That being said, if you’re ambitious enough, you can reload them. It takes a lot of practice and some equipment is required. You’ll need to first measure out 25 feet of film, clip each end to match the T shape notch on the cores inside the magazine, modify the perforation towards each end of the film, and seal the cartridge with black tape. Most of which needs to happen in complete darkness.
Magazine 8 – Which cameras use this film?
There are too many to list! Almost all major 8mm camera manufacturers in the 1940’s and 1950’s had Magazine 8 options. Big names included Kodak, Bell & Howell, Keystone, Revere, Sears/Tower, etc.,
You can generally tell if your 8mm camera takes Magazine 8 by opening the film compartment. If you don’t see two spindles to take normal 25ft spools of Regular 8 film, there’s a good chance it takes Magazine 8.
Do be aware, there is a difference between Magazine 8 and other 8mm Autoload Cartridge systems (see below.)
There were also proprietary magazine systems provided by other film manufacturers outside the U.S. These are rare to find in America but not impossible.
8mm Autoload Cartridges – What the heck are these?
While Magazine 8 was actually quite popular among consumers, some were turned off by the idea that they had to 1) pay a deposit when buying Magazine 8 film and 2) could generally only find Kodak film in Magazine 8. People wanted the convenience of the 8mm magazine shooting but with the ability to load the magazines themselves with the 8mm film of their choice.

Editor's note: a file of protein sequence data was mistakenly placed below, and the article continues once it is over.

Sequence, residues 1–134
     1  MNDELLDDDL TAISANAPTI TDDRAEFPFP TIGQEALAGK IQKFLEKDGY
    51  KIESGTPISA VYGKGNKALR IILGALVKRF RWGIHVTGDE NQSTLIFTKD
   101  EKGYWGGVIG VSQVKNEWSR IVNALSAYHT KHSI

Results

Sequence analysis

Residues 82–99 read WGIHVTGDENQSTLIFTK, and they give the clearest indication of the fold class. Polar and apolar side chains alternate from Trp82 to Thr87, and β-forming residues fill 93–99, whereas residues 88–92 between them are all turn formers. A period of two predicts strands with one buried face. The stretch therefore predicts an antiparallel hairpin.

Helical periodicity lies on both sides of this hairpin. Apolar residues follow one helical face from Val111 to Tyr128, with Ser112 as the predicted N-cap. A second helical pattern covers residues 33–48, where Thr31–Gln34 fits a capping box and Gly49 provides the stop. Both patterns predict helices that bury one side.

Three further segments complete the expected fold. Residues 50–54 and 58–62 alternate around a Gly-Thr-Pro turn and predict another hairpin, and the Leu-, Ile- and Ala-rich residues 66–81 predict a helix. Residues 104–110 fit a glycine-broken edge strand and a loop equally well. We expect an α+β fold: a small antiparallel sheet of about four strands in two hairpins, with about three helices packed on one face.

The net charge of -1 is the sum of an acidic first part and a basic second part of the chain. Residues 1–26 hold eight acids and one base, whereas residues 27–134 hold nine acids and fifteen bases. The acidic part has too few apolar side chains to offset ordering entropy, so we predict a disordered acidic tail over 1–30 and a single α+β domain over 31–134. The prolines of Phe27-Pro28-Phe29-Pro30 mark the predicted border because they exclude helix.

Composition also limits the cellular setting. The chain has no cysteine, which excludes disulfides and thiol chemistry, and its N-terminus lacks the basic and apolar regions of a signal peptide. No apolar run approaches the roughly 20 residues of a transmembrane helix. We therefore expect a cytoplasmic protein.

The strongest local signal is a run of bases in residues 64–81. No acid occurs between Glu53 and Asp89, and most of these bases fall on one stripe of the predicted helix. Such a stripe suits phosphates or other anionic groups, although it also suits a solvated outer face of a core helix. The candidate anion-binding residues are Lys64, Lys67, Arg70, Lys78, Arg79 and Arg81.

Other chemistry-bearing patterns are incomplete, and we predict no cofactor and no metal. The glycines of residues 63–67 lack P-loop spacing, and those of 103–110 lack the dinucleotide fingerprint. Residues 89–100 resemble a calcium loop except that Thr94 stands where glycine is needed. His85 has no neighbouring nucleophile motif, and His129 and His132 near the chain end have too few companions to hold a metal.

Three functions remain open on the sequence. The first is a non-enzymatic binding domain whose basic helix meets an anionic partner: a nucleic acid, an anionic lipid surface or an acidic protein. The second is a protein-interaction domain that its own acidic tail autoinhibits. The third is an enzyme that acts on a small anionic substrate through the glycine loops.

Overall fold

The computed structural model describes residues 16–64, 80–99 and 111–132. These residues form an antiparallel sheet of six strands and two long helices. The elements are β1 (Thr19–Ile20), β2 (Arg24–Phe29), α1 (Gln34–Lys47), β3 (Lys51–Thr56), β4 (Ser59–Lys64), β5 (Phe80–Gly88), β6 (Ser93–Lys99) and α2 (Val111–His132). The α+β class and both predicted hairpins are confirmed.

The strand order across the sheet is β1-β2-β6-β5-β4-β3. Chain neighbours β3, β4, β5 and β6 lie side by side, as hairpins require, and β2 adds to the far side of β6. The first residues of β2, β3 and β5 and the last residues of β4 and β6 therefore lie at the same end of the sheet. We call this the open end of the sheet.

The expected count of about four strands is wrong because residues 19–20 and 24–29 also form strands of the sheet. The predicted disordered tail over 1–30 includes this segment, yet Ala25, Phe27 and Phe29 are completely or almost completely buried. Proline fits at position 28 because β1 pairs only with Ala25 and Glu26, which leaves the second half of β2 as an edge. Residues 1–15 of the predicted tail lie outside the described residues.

That’s when Bell & Howell released their 8mm Autoload Cartridge. Unlike Kodak’s Magazine 8 system, the Autoload Cartridges could be easily reloaded by the consumer. Loading the magazine is just as easy as loading a normal Regular 8mm movie camera.
You simply take your 25ft spool of Regular 8mm film and thread it through the cartridge. Bell & Howell’s cartridges also have an indicator on the side to tell you which side you’ve shot. Once you’ve shot both sides of your film, simply open up the cartridge, remove the 25ft spool, and send the film to your lab. You keep the cartridge for reloading again.
I love these Autoload Cartridges. They’re great for using on holidays or important subjects when I don’t want to fumble around with rethreading a normal Regular 8mm movie camera.